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Centerfire Rifles - Semiautomatic or Gas Operated Centerfire rifles, carbines and other gas operated rifles.

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  #1  
Old 05-07-2007, 1:21 PM
antwon412 antwon412 is offline
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Default why do some AR's have forward assist?

I searched but didnt see anything. I've noticed some do but some don't. My bushy c-15 does not. Is it something special or does it help at all?
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  #2  
Old 05-07-2007, 1:24 PM
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It was a requirement of the US Army back in the 1960's. Some of the old school ordinance officers were trying to kill the M16/AR15 project in favor of the M14. According to them, every US military long arm preceding the M16 had the capability of forward assist.
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Old 05-07-2007, 1:35 PM
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Forward assist was added because of the nature of the design.

In battle, if a little bit of grime got in the action or the charging handle was not pulled all the way back the bolt carrier would not fully advance forward and the round would not be fully chambered. When this happened the rifle would not shoot.

The forward assist is there so that if you notice that the round has not fully chambered you can smack that forward assist and it will force the round to chamber properly. In the entirety of shooting ARs I have only seen it twice. We tend to keep our weapons cleaner than battlefield conditions will allow.
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  #4  
Old 05-07-2007, 1:46 PM
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The Forward Assist was added at the Army's insistence...or insisted upon by a faction of US Army Ordnance Corps that wanted to kill M16 development.

From page 126 of "The Black Rifle: M16 Retrospective", by R. Blake Stevens and Edward C. Ezell, published by Collector Grade Publications:

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The Army's Bolt Closure Device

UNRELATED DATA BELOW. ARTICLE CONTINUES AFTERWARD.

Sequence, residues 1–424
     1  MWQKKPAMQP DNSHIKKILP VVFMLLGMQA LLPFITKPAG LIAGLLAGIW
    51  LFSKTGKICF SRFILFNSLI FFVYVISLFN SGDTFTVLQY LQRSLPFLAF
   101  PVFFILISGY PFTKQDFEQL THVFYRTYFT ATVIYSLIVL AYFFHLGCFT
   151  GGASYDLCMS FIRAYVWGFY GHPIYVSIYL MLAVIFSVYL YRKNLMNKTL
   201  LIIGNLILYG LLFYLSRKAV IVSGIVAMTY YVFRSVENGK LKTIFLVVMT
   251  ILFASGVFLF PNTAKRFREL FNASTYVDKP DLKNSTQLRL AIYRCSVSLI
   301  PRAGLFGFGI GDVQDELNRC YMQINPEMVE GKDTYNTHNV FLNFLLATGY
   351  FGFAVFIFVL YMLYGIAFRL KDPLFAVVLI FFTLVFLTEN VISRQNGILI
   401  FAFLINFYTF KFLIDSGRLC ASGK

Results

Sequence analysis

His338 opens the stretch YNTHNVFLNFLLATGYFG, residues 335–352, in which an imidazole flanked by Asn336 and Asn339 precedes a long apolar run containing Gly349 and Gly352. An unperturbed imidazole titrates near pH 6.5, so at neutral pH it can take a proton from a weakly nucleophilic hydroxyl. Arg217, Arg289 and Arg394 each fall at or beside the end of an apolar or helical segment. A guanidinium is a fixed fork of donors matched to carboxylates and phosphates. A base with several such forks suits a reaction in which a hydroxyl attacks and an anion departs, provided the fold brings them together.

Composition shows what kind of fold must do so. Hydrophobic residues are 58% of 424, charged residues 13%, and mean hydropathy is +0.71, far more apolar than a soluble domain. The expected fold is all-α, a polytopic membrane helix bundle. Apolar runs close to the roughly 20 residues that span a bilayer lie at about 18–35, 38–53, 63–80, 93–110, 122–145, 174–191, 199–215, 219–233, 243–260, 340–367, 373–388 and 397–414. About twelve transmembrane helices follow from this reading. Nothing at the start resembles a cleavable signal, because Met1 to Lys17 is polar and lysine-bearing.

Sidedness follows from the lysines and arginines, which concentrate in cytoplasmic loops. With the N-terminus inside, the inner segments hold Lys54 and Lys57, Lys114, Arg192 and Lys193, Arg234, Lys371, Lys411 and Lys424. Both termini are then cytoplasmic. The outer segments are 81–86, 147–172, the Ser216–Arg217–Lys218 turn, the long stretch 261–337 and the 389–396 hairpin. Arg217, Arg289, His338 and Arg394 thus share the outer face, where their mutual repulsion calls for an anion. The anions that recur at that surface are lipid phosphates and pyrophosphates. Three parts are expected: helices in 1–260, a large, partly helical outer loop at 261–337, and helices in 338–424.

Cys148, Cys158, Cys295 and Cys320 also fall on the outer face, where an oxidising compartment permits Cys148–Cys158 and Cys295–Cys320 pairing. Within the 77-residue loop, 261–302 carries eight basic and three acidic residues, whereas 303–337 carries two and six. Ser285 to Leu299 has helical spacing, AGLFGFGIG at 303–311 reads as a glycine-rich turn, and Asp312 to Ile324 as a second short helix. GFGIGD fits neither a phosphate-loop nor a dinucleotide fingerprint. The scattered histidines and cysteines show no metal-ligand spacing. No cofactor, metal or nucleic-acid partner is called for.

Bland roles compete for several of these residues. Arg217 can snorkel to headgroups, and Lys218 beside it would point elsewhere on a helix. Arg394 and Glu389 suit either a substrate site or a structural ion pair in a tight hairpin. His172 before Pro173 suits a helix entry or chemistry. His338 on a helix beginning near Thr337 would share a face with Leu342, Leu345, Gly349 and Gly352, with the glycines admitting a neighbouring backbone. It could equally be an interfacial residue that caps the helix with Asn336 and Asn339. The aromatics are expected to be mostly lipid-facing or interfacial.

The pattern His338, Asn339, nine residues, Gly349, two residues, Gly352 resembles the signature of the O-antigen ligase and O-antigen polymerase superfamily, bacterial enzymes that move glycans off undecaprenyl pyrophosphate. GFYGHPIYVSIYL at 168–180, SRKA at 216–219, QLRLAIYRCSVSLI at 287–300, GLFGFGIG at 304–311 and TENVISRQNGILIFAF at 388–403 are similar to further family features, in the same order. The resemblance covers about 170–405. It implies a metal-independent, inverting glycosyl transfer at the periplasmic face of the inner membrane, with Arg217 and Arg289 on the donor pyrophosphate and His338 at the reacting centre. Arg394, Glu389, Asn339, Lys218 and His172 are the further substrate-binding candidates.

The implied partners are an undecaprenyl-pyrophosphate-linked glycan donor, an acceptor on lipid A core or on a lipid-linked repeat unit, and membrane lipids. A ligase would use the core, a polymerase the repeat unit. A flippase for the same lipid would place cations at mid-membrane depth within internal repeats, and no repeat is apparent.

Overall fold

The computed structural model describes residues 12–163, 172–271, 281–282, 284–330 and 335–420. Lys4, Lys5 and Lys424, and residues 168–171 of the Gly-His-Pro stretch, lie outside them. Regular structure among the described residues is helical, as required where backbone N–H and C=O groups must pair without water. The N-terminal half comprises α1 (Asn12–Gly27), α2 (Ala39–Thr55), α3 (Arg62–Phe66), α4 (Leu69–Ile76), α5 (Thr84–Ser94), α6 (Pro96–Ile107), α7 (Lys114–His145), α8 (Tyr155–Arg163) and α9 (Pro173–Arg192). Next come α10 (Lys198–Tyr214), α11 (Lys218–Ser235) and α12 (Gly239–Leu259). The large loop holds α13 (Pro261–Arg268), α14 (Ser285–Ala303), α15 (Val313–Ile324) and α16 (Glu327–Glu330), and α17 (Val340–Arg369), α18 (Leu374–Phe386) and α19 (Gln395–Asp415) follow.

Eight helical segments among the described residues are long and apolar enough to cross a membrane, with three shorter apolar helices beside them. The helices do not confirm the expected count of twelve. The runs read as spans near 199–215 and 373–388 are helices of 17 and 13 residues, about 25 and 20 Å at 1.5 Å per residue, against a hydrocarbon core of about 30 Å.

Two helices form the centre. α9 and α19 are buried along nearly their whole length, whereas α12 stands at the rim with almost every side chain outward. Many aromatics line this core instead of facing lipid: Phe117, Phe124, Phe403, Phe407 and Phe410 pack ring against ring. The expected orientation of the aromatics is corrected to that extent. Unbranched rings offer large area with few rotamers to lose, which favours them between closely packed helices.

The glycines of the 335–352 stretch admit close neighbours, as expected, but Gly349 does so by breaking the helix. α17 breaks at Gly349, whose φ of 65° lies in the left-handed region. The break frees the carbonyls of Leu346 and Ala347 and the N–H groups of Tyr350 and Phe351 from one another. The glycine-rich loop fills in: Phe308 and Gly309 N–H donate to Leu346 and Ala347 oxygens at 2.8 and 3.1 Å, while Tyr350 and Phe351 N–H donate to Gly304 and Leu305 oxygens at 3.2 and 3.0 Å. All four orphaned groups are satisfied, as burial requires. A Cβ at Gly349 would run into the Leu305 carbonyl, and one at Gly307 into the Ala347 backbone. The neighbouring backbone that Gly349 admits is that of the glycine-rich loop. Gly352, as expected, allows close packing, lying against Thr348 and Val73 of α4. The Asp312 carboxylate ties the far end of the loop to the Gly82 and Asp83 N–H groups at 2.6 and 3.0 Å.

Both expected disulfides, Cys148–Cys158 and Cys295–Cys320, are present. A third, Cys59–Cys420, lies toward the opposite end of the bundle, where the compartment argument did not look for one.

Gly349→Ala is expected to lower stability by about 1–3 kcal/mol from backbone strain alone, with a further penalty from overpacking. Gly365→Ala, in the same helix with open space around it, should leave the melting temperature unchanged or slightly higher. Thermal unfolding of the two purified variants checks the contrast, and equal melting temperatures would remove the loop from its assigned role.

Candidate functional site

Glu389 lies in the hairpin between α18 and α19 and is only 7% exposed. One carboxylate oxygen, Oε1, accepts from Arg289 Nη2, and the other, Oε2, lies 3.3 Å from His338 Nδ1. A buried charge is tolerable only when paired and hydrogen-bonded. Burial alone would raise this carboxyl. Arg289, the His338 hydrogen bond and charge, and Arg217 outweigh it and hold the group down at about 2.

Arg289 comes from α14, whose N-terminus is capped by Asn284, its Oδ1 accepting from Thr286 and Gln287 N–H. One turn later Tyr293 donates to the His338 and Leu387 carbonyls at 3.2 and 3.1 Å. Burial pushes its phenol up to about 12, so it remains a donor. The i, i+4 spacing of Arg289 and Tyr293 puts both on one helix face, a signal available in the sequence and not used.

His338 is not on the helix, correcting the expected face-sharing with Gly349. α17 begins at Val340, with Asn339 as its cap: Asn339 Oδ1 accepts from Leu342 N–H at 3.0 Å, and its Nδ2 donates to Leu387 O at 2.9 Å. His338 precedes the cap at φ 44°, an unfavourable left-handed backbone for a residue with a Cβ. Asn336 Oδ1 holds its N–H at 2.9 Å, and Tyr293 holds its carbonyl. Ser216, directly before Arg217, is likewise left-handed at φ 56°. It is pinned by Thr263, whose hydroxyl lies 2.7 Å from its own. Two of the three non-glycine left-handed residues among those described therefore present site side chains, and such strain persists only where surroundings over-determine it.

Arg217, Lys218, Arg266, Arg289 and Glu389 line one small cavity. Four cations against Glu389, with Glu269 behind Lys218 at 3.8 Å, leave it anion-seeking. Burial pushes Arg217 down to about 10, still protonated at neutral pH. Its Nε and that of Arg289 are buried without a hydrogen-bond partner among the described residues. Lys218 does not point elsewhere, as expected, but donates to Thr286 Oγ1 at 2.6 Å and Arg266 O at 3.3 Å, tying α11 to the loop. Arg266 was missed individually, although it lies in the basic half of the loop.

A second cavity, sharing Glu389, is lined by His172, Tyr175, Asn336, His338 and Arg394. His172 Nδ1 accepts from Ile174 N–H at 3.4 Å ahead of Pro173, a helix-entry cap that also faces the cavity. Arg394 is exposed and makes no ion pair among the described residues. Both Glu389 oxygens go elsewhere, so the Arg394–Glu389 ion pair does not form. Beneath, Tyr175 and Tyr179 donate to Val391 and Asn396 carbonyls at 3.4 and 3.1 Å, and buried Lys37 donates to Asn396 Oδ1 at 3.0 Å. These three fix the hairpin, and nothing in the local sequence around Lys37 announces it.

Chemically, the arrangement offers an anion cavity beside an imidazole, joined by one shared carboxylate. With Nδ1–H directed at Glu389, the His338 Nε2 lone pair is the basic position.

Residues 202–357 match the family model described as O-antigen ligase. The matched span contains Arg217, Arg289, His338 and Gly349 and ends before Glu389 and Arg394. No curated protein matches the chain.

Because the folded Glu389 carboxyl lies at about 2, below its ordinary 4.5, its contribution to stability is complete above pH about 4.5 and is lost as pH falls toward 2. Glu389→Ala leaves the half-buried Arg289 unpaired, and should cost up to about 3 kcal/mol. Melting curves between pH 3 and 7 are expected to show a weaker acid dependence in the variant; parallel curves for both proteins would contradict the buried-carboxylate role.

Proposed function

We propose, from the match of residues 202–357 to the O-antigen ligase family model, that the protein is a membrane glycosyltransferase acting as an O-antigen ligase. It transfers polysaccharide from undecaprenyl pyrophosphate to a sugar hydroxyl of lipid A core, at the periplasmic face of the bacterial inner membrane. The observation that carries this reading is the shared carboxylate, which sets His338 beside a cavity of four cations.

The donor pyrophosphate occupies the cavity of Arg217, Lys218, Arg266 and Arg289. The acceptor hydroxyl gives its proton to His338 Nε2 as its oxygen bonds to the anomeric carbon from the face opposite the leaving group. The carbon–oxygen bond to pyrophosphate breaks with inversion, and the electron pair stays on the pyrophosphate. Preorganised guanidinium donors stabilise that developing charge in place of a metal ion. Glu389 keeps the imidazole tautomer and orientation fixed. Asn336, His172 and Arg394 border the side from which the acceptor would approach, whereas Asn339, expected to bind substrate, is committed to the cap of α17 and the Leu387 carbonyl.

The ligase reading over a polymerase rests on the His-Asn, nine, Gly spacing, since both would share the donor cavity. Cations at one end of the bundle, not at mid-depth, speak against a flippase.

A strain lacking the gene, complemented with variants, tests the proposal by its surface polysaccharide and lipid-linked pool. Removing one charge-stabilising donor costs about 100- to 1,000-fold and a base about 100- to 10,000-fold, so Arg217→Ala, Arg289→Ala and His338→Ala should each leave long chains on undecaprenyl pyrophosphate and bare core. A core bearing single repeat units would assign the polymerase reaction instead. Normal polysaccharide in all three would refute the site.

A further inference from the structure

One thing the Army had held on to since the days of the '03 Springfield was a positive way for the soldier to close the bolt of his rifle, should the need arise. The M1 had this feature, as did the Carbine and the M14. One of the main US Ordnance criticisms of the FN FAL back in the fifties was that it had no such provision. In any case, the Army would not back down on the need for a manual bolt closure on the AR-15, and stated it's case with eloquence and determination in this official "position paper":

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..The AR-15 is to be issued to Combat Infantrymen who are expected to use the weapon under the worst possible conditions of dust, dirt mud and foreign matter affecting both weapon and cartridges. If the mechanical spring fails to close the bolt the soldier must have the capability of immediately correcting the situation without disassembling the rifle...Any chance, no matter how slight, of malfunction in combat due to the inability to manually close the bolt is unacceptable..

The frequency or infrequency of the type of malfunction correctable by a manual bolt closure capability is immaterial. The knowledge among troops that such a malfunction is merely possible would lower confidence in a weapon lacking [such] a.. device.

The ability to close the bolt manually on any semi-automatic rifle is considered necessary as an emergency measure. Neither the M1 or the M14 Field Manual recommends forcible closure of the bolt under normal conditions. However, FM 23-5 (US Rifle Calber .30 M1) states..that in loading a full clip, "you may strike the forward on the operating handle with the heel of the right hand when necessary to fully close and lock the bolt."

An important side benefit..would be the ability to silently chamber a round. This is impossible if the bolt must always be slammed home under pressure of the operating spring.
There's about four more pages of photos and text covering the addition of the forward assist assembly.
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  #5  
Old 05-07-2007, 1:55 PM
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Funny thing is (as quoted in The Black Rifle), Eugene Stoner felt the same way: that forcing a round into the chamber was the last thing he'd want to do. But as the section I quoted states, under normal circumstances it isn't recommended, but in extraordinary situations it may be required.

As for quietly chambering a round....if you ride the charging handle, rather than release the bolt catch or pulling back on the charging handle and releasing it to let the recoil spring drive the BCG home, it's a lot quieter. However, the bolt may not go all the way into battery. Thus the need for a device to push forward on the bolt carrier.
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  #6  
Old 05-07-2007, 2:02 PM
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Just to second what Tech Ted just said, I think I also read in the AR-15 Owner's Guide that it was their opinion that the forward assist only really made sense for a soldier in combat, when he has everything to gain from trying to force a round to chamber and absolutely nothing to lose.
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